THERE'S NO BRICK WALL BECAUSE PENNEY DIDN'T BUILD ONE!
Welcome To A New Experience
In Linear Algebra!
LINEAR ALGEBRA: Ideas and Applications
Richard C. Penney, Purdue University
18179-X, 525 Pages, Cloth, 1998
Richard C. Penney was selected by his students at Purdue University
as the Most Outstanding Teacher in the School of Science for 1995-1996, and as one of the top ten
teachers in the School for Science for 1994-1995. His vision of mathematical truth and falsehood as something students can
personally decide rather than as a body of facts to be blindly accepted has made linear algebra come
alive for his students.
In LINEAR ALGEBRA: Ideas and Applications Penney shares his vision in an eloquent, new approach to
teaching linear algebra. Penney's deep devotion both to educating students and to imparting the
beauty and utility of the subject can be found on every page of this remarkable text!
NO BRICK WALL!
- Parallel Development of Concepts
Penney introduces abstract concepts from the very beginning, and only as they are
needed to understand the computations. Because the text justifies the importance of each
new concept and relates it to something in the students sphere of experience,
students have the time and the tools to fully absorb each concept and to make the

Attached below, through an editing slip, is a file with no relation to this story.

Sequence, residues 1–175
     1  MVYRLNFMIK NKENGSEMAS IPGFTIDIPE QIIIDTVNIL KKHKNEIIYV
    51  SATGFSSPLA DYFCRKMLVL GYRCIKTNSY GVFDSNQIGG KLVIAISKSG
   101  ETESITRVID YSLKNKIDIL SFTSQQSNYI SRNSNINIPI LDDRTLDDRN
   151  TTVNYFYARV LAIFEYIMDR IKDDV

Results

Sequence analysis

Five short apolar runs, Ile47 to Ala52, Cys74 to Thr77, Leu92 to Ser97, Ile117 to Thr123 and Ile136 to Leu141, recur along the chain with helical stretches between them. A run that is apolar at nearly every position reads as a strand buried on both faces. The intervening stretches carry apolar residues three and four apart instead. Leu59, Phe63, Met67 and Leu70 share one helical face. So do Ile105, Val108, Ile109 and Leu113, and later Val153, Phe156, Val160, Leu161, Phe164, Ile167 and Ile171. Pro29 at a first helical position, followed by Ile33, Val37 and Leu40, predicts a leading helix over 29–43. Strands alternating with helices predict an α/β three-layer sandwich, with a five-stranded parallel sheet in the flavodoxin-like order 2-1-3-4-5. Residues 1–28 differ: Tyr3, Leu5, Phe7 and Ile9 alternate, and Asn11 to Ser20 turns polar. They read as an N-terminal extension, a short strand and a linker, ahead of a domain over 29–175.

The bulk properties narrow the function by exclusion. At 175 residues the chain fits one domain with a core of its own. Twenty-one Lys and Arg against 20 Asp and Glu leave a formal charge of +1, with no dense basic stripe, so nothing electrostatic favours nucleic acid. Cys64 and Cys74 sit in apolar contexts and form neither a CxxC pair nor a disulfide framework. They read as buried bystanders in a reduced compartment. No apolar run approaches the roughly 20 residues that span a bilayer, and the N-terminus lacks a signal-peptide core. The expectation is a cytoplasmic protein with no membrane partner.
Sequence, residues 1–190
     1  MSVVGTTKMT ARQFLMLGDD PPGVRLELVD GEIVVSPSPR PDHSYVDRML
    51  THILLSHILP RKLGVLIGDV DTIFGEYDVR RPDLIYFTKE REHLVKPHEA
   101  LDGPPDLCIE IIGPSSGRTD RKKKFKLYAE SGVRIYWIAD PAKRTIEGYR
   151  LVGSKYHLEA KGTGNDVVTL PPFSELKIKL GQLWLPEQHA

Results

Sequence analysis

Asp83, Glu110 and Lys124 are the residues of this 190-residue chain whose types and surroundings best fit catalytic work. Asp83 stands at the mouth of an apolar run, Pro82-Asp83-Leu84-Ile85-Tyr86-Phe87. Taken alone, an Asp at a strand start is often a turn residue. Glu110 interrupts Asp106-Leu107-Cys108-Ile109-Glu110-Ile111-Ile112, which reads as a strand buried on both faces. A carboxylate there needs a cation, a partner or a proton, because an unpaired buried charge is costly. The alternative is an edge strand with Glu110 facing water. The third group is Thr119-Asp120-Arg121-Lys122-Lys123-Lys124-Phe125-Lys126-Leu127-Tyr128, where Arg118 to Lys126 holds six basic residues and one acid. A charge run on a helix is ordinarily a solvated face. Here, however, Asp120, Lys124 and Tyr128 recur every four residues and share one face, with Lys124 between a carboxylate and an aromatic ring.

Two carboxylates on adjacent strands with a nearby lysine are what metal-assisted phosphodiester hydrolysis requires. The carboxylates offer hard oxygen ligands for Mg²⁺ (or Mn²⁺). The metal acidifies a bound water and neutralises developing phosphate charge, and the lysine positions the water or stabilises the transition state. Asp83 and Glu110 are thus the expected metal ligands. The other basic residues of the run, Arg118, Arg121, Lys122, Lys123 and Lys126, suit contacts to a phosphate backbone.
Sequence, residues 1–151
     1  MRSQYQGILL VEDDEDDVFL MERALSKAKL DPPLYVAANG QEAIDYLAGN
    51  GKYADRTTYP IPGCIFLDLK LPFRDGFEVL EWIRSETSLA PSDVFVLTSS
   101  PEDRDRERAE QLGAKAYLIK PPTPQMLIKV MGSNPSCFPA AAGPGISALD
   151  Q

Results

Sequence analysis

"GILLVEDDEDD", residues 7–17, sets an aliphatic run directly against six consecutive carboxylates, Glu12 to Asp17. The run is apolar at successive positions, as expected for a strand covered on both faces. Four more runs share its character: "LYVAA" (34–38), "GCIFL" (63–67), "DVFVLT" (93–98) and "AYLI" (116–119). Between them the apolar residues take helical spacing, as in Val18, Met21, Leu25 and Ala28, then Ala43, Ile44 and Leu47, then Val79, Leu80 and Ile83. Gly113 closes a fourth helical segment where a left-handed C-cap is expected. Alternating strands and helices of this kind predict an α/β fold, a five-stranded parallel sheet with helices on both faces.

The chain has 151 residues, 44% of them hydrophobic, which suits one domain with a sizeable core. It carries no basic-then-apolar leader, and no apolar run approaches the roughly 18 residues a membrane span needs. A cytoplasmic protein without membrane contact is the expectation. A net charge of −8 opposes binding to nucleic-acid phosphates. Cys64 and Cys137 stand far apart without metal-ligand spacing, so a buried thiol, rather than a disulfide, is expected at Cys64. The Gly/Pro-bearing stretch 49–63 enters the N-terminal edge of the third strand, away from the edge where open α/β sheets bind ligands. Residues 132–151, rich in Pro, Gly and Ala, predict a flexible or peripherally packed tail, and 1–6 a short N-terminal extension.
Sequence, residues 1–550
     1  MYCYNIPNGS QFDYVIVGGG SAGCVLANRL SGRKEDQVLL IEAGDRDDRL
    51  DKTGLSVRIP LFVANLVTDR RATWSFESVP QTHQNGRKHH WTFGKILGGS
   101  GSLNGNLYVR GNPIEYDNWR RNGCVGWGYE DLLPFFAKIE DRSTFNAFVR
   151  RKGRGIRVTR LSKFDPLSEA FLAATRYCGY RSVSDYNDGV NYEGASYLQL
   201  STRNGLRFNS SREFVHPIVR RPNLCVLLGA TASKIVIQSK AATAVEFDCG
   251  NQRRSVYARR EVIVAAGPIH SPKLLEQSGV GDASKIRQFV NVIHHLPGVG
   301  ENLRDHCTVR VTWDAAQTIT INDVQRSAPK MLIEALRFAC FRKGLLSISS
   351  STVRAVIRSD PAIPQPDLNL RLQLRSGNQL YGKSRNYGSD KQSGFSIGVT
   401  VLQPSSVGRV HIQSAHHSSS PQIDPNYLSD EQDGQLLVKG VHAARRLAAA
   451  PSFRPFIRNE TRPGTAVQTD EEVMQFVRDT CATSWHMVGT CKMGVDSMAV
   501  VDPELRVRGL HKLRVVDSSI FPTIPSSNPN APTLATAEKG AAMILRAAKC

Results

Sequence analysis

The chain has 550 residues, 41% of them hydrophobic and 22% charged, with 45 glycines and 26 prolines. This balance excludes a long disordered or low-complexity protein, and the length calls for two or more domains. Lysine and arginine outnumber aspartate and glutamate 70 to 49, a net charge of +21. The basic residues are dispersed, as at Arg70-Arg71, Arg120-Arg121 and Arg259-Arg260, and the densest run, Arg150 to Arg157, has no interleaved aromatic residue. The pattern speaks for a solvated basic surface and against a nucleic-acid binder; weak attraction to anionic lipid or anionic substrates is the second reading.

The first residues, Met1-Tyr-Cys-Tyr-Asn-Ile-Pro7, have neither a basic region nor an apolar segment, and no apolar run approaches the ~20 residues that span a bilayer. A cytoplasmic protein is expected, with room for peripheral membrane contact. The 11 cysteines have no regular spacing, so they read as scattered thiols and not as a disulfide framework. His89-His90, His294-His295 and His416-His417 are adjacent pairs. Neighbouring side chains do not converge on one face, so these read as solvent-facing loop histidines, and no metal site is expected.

connection between theory and application.
- Gradual Development of Vector Spaces
Many texts introduce vector spaces relatively late in the course, leaving
students insufficient time to absorb the concept before it is used. Penney
introduces vector spaces early, but more difficult concepts such as linear
independence, spanning and inner product spaces are presented gradually.
- Fully Integrated Applications
Penney shows students how the theory grows out of necessity to solve concrete
applied problems. Students connect the power and applicability of the ideas as
they learn them.
- Conceptual Exercises
Too often students learn how to use techniques without understanding them.
Penney's conceptual (not theoretical) exercises require students to think
abstractly about concrete questions, and show them that there is a need to
understand theory in order to answer concrete questions about computations.
Technology can be a powerful tool for making abstract concepts more concrete and
visual. Penney provides ample free standing computer exercises that support and
extend the concepts discussed in the section. Matlab specific exercises are
provided in the text and Mathematica and Maple translations in supplements and on
the world wide web.
- The Writing Style
Penney's casual, informal style uses language
that all students can understand. The mathematics is complete, but explanations
are given in contexts that students can relate to.
More Information About This New Approach